Three Rivers' festival group settles differences and shares 2021 summer plan

·2 min read

THREE RIVERS - Though getting to this point wasn't a smooth process at first, the region's three biggest summer festivals have found a way to collaborate for the 2021 season.

"We would be marketing it all together as a Three Rivers summer series," events co-ordinator Cathleen MacKinnon said, who spoke on behalf of the festival committee.

Committee members outlined the plan for this year's festivals during a Three Rivers council meeting on Feb. 22. Some of the region's communities have traditionally held their own festivals every summer, namely Canada Day celebrations in Cardigan and the Summer Days celebrations in Georgetown and Montague.

But following Three Rivers' 2018 amalgamation some community groups were concerned they'd lose their identity - or potential attendees if the festivals were to co-occur across multiple communities at once.

Last year's festivals were ultimately cancelled due to COVID-19, which allowed the committee more time to get on the same page. The summer series will take place throughout July, and the committee requested a budget increase from council to fund all three festivals.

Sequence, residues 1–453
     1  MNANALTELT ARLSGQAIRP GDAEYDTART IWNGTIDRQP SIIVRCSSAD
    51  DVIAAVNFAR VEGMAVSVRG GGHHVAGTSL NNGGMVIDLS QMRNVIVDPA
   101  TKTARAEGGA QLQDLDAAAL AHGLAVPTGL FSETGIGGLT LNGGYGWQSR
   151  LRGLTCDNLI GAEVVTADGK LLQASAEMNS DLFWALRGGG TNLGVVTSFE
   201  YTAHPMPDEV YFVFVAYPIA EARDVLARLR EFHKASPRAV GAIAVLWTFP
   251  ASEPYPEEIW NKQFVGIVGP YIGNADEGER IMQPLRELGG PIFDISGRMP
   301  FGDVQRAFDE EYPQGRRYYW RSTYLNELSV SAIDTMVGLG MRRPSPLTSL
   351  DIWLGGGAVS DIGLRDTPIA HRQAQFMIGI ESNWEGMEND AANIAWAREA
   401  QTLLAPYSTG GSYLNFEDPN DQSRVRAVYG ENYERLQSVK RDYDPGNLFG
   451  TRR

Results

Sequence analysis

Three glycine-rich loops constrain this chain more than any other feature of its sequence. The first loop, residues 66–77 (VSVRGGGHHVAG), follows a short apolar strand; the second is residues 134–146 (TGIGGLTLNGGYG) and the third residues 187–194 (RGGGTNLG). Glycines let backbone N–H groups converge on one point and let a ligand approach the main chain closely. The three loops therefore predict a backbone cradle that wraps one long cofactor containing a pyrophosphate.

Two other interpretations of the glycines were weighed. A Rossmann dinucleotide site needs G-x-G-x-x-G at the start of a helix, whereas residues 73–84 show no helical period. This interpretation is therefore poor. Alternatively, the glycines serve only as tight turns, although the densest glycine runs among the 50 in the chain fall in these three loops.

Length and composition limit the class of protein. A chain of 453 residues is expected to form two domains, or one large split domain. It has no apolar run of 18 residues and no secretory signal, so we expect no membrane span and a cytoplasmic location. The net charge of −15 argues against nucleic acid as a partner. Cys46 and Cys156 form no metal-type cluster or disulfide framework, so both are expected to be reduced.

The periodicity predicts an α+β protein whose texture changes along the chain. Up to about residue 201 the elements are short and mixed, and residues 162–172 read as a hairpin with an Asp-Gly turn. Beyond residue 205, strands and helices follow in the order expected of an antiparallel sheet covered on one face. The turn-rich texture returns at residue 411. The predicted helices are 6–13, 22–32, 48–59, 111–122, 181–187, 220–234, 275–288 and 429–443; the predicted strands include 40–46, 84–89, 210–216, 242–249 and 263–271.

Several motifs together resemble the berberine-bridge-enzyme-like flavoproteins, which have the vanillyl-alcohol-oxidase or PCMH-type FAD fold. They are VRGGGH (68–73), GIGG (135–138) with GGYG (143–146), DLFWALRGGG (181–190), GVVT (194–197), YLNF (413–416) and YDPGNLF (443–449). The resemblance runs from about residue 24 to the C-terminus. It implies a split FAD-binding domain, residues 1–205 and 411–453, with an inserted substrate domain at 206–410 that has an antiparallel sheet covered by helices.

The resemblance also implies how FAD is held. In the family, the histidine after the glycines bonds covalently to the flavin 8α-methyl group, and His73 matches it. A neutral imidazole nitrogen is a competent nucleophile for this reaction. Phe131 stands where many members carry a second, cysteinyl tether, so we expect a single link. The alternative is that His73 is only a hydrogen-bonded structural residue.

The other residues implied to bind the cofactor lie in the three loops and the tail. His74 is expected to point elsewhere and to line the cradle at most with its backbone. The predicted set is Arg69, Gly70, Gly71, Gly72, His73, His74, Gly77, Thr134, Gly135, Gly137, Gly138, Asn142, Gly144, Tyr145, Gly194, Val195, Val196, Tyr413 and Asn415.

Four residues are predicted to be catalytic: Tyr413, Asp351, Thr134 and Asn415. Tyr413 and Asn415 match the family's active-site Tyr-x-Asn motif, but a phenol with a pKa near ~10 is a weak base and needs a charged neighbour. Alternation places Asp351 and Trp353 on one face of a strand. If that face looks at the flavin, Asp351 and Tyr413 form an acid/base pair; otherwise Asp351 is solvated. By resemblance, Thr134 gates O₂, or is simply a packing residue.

Pending this summer's COVID-19 guidelines, Canada Day in Cardigan will take place on July 1 and see the addition of a night-time concert and fireworks at the Old Brudenell Park. Then, Georgetown's Summer Days will showcase its usual offerings over the July 14 to 18 weekend.

Montague's festival will be rebranded as the Three Rivers Arts and Culture Festival and occur over the July 30 to Aug. 1. weekend. The festival has incorporated the P.E.I. Association of Newcomer's DiverCity event in the past, so the plan is to delve more into that theme all weekend long.

As well, the committee plans to arrange 19-plus events for the Montague festival. Packaging the three festivals will allow their organizers to fundraise together, share resources and cross-promote other businesses and organizations that could bring more traffic to the area.

"There are so many other things that will be happening all summer," committee member Mallory Peters said. "Literally, pick a day in Three Rivers and you're going to be able to find something."

The budget increase is largely to manage COVID-19 cohorts and social distancing regulations. The committee's request was moved forward to be decided upon at council's next meeting.

Several councillors commended the committee's work following the few months of tension and miscommunication last year. Coun. Cody Jenkins noted it was a prime example of how council ought to be patient with existing community groups as Three Rivers works to establish its own identity.

"Forcing them is not, I don't believe, the answer," he said.

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Daniel Brown, Local Journalism Initiative Reporter, The Guardian